Guiding light: Beautiful Point Abino Lighthouse

The Point Abino lighthouse is easily the most elegant on the Ontario shores of the Great Lakes....

The Point Abino lighthouse is easily the most elegant on the Ontario shores of the Great Lakes. PHOTO COURTESY RON BROWN/FIREFLY BOOKS

Ron Brown, Firefly Books

, Last Updated: 4:13 PM ET

Perhaps it is because most of them lie on isolated shorelines, out of view of most landlubbers, that lighthouses are among the least appreciated of Ontario's heritage structures.

Some are small and squat, made of wood; others are tall and elegant, constructed of stone or brick. Then there is the lighthouse at Point Abino. Built of poured concrete, it is unlike any other lighthouse in Ontario. Constructed in a form of architecture known as Greek Revival, it is easily the most elegant lighthouse along the Ontario side of the Great Lakes.

Point Abino is located on Lake Erie just west of Fort Erie. With the urban boom that engulfed southern Ontario and upper New York State in the late 1800s, increasing numbers of city dwellers sought out the beaches and breezes of the nearest lakeshores. These numbers swelled following the opening of the Peace Bridge between Buffalo and Fort Erie in 1927.

While more modest cottages and cabins crowded the beaches in nearby Crystal Beach, the forested peninsula at Point Abino became the exclusive enclave of wealthy industrialists. Families from New York and Ohio like the Rich family, owners of Rich products, and the Baird family, owners of the Buffalo News, erected grand summer homes here.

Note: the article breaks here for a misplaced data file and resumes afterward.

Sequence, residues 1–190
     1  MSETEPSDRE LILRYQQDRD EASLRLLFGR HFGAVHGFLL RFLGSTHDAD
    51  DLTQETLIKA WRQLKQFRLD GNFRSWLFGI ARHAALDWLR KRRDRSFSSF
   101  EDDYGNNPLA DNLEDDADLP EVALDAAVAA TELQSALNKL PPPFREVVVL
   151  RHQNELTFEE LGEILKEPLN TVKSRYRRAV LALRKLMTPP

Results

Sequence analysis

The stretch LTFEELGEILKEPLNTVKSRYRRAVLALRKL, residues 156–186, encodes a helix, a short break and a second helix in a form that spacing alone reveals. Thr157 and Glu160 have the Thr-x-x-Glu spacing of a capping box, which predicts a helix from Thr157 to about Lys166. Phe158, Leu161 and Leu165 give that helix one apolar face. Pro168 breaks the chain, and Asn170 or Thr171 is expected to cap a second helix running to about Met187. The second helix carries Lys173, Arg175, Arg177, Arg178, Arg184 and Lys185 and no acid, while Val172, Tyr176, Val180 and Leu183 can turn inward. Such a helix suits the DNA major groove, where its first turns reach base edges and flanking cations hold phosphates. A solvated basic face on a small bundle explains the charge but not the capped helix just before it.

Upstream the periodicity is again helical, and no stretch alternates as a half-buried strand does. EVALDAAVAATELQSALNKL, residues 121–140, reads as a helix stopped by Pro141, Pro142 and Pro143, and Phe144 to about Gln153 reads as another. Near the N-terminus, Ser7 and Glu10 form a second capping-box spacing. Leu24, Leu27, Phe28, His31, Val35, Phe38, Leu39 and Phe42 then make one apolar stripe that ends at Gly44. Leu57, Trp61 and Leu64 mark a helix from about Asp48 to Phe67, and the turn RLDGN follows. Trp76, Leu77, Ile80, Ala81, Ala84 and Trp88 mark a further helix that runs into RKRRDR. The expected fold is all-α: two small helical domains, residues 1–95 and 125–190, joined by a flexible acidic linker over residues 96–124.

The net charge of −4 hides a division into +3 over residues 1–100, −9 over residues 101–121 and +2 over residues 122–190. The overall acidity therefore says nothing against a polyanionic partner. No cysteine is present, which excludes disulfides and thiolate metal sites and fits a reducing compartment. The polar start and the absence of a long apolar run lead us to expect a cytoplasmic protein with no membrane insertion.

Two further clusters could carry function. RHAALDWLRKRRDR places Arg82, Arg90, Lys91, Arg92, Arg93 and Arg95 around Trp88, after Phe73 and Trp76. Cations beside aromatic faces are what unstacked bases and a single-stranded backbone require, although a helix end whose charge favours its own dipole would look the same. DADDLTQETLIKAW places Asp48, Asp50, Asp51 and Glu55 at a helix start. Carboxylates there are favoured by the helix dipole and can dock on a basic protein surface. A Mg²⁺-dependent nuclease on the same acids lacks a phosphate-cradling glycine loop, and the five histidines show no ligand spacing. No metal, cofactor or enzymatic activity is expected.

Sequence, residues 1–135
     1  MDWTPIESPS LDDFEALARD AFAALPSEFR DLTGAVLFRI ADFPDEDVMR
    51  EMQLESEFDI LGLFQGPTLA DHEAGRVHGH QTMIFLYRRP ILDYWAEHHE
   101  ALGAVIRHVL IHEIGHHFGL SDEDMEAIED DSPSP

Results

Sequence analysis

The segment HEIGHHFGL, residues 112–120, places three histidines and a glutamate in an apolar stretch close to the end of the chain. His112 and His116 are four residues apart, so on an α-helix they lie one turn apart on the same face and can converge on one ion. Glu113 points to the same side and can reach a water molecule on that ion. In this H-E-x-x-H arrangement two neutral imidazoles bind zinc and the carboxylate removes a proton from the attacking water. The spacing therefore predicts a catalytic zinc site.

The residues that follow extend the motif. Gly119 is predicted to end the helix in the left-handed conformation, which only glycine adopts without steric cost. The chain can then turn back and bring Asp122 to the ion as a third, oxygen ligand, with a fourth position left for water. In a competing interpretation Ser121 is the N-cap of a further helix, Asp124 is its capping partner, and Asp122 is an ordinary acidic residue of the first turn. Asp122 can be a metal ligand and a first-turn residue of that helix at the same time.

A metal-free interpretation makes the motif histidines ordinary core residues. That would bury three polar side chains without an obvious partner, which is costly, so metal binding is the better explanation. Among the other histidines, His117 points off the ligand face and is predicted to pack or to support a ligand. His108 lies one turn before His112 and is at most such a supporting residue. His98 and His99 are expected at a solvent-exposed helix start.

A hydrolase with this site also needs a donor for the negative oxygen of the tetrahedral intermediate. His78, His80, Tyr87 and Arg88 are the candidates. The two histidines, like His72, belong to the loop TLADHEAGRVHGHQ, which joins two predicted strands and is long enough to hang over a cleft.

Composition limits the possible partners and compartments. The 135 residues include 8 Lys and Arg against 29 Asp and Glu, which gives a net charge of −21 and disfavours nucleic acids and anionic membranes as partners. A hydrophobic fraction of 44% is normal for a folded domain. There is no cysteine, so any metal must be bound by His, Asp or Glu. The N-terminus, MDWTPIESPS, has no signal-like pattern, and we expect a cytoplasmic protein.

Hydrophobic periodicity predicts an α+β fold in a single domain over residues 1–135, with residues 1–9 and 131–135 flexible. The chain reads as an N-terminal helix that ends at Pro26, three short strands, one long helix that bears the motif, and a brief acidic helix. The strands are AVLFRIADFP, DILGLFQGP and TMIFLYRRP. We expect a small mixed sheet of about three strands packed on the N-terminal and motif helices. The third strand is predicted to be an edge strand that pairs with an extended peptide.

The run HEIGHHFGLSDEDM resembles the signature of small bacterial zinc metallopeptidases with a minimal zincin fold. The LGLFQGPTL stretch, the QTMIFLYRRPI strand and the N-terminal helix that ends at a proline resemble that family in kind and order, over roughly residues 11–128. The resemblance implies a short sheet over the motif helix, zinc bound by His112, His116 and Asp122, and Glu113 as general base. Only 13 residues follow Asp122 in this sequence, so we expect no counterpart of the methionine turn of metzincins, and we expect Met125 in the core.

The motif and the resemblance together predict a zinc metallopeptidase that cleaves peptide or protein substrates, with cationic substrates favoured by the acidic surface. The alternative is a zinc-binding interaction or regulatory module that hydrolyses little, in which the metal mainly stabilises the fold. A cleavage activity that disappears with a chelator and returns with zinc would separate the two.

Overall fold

The lighthouse was completed in 1918, built to replace a light ship that was destroyed in a storm in 1913, killing all on board. A light-keeper's residence was added in 1921.

Prior to the light ship, the dangerous shelf of rock, which creeps out from the point into the lake, was marked only by buoys. Because the light was surrounded by water and private homes, the keepers had to access the dwelling by wading through the shallows.

Ontario has a rich lighthouse legacy. During the late 1800s the government built around the shores of Lake Huron half a dozen lofty stone structures that they termed the "Imperial Towers." Of the six, that at Cape Rich, near Southampton, is the most accessible. The squat stone lighthouse from the Duck Islands has been moved to the Mariners' Museum near Picton, Ontario. Port Rowan lays claim to having Ontario's oldest wooden lighthouse, and other lighthouses can be visited in Kincardine, on Long Point, in Prince Edward County, on the Toronto Islands, and at Wingfield Basin, near Tobermory.

The province of Quebec also promotes a "lighthouse route" along the shores of the Lower St. Lawrence River.

Although no lighthouse in Ontario remains permanently staffed, most are still in use; the lighthouse at Point Abino was the last to be automated. The light has been declared a National Historic Site, and in 2001 was purchased by the town of Fort Erie. After being off-limits to non-residents, the structure can now be visited via a shuttle run by a volunteer organization, or on foot or by bike during designated hours.

The lighthouse and the property gate are located at the south end of Abino Road, 15 kilometres west of Fort Erie.

-- Used with permission from Top 125 Unusual Things to See in Ontario, 4th Edition, Revised & Expanded by Ron Brown (Firefly Books, August 2014, $24.95).


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